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Greek Olive Oil Exporters Alarmed Over Proposed US Tariffs

The proposed US tariffs on imported Greek olive oil will have a catastrophic effect on the country’s olive oil industry, as this vital sector is the main driving force behind the growth of the country’s agri-food sector at present.

Speaking to the Greek Reporter on behalf of the Greek Association of Industries and Processors of Olive oil (SEVITEL), Grigoris Antoniadis says that, although the above statement is true, he hopes that more prudent thoughts will prevail in the end.

The President of SEVITEL maintains that, ”if implemented, the tariffs for the olive oil sector will be devastating, because during the last ten years of the crisis in Greece, the whole sector has been putting all its effort, attention and money behind the export of the product.”

The Greek olives and olive oil which are included on the possible tariff list have a total export value of 90 million US dollars, based on US International Trade Commission statistics.

The United States has proposed tariffs ranging from 25 percent to 100 percent on more than 300 products from Europe in light of a recent decision taken by the World Trade Organization (WTO).

The escalation of tension comes from a WTO ruling which found that European Union subsidies for the European Airbus consortium do indeed have an adverse financial impact on the American aircraft company Boeing.

Joseph R. Profaci, the Executive Director of the North American Olive Oil Association (NAOOA), explained to the Greek Reporter “There is a very long list of items on the retaliation list of products.

“The tariffs will not go into effect, or should not, until the World Trade Organization issues a ruling on the extent of the damage. They will determine the amount of money that the US could legally try to collect by way of tariffs,” he added.

The NAOOA is petitioning the United States Trade Representative (USTR) to remove olive oil from the proposed list of products subject to retaliatory tariffs.

It maintains that because US domestic production cannot meet consumer demand for olive oil — an essential, healthy product — without European imports, imposing tariffs would be tantamount to a tax on the health of American consumers.

According to data from the International Olive Council (IOC), it is estimated that the world’s olive oil production in 2019 will be 3,203,000 metric tons. Of this amount, European olive oil will account for 2,296,000 metric tons (72%), originating mostly from the nations of Spain, Italy, Greece and Portugal.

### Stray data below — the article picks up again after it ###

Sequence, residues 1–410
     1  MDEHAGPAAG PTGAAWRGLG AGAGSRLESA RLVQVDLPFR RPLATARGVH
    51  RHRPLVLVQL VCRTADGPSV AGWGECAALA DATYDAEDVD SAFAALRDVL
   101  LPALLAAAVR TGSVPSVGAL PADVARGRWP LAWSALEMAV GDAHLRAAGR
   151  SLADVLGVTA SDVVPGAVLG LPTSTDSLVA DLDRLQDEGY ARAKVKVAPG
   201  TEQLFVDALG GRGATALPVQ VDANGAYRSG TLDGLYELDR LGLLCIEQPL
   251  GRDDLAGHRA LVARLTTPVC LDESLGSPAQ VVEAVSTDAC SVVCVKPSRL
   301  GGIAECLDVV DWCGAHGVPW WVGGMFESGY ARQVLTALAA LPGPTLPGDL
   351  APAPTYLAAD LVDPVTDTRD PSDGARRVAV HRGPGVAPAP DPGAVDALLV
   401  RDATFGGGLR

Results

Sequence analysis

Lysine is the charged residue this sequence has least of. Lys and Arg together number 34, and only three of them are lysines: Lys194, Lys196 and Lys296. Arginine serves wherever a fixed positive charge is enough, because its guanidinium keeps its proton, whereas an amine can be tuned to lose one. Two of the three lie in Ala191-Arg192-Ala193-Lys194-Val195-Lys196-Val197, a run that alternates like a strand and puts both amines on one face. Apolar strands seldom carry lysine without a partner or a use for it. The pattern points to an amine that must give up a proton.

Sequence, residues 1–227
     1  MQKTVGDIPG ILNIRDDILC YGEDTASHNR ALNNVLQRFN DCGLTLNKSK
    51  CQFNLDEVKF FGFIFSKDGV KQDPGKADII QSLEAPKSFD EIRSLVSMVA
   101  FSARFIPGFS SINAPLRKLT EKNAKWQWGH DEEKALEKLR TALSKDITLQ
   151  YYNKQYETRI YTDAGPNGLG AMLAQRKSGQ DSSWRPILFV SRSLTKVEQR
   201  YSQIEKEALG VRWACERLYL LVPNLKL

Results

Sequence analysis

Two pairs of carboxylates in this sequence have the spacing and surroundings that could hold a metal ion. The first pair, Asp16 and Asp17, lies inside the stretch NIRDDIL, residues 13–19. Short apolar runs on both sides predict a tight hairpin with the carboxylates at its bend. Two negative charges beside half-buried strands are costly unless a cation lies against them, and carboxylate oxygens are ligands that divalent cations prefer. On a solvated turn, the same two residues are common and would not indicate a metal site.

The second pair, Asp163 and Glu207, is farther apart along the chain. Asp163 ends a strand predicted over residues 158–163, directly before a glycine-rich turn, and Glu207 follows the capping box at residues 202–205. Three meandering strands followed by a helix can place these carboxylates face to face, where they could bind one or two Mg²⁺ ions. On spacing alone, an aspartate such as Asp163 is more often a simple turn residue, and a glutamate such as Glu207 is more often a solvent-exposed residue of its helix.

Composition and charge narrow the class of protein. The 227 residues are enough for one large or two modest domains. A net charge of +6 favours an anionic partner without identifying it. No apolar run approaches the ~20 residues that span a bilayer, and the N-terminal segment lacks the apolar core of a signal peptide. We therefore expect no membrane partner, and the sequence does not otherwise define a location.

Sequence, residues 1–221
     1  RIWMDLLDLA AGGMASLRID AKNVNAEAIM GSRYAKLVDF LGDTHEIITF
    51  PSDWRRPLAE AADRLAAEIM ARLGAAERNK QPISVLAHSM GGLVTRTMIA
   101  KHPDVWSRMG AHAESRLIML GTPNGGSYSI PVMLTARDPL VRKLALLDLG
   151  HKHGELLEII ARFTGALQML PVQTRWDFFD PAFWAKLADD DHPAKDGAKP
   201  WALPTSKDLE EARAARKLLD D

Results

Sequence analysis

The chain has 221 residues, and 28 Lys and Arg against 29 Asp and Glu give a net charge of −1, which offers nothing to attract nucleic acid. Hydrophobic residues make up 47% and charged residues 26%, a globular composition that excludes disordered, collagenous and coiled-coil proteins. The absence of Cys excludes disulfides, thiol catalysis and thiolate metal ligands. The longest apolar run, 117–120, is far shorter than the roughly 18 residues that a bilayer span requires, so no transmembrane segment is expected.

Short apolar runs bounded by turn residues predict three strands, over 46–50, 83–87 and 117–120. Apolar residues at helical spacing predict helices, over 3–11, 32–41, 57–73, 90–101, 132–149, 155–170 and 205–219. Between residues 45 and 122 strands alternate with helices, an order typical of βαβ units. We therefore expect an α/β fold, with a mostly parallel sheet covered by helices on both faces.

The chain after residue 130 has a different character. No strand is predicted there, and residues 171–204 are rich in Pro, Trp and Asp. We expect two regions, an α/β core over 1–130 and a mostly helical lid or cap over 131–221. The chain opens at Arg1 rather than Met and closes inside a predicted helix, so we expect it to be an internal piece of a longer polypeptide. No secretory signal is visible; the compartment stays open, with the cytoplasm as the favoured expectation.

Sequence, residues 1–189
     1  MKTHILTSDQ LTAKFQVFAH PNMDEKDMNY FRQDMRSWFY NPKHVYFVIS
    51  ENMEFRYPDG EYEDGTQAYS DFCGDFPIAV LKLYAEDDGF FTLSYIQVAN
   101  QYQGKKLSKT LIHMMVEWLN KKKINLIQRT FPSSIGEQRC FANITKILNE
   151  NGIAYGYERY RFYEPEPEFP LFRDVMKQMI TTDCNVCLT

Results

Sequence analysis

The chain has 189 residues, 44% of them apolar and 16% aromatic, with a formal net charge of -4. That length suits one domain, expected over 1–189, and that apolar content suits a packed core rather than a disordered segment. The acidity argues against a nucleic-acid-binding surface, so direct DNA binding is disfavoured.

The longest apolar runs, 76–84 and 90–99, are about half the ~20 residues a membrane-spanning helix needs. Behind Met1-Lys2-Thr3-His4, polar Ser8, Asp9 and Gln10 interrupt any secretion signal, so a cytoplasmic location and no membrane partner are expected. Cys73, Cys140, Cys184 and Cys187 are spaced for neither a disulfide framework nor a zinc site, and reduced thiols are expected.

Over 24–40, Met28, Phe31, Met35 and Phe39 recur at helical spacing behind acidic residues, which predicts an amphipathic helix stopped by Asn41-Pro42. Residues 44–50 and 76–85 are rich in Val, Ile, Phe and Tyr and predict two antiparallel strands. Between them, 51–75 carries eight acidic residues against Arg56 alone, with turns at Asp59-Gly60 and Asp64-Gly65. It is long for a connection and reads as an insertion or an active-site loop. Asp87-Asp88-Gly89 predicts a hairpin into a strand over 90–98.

US production is estimated at approximately 10,000 metric tons, which would be a paltry 0.3% of the world total.

Kostas Peimanidis, the business development manager at AGROVIM S.A., an olive oil company based in Kalamata, Greece, told the Greek Reporter he believes that Greece is in a worse situation than any other country in the European Union.

Peimanidis maintains that “We have nothing to do with Airbus, so we have no benefit at all. Also, we are a very small economy, we are emerging from a crisis situation and we have invested a lot of time, a lot of effort and a lot of money to market Greek olive oil in the United States.

“Although Greek olive oil amounts to less than 3% of US imports, the US is a valued market for us and the proposed tariffs will definitely be detrimental to all Greek exporters, and especially our farmers,” he adds.

He pointed out that the American people will suffer as well because the price that they will be paying for good quality olive oil will increase a staggering 100 percent because of the tariffs.

“We all know that Greek olive oil is extremely healthy, it’s not adulterated, it’s authentic, it’s pure, and extremely high in polyphenols by nature ,so this a very healthy product that will cost double the money” Peimanidis says.

Profaci, the head of NAOOA, emphasized in his remarks that “Olive oil is a health food and people buy it for their health. Doctors recommend it for treatment and prevention of chronic disease, and… in this case, the domestic industry is too small to provide for the demand in the United States beyond more than 5%.”

The industry association chief stresses that “What’s important from the European side, is for the Commission and the governments to realize the potential seriousness of this situation and to the extent they can, agree to negotiate on the Airbus problem. That is where action could be helpful on the European side.”

The NAOOA has issued a petition for people to sign asking the USTR to remove European olive oil from the proposed list of retaliatory tariffs. See the link below for more information on the petition.

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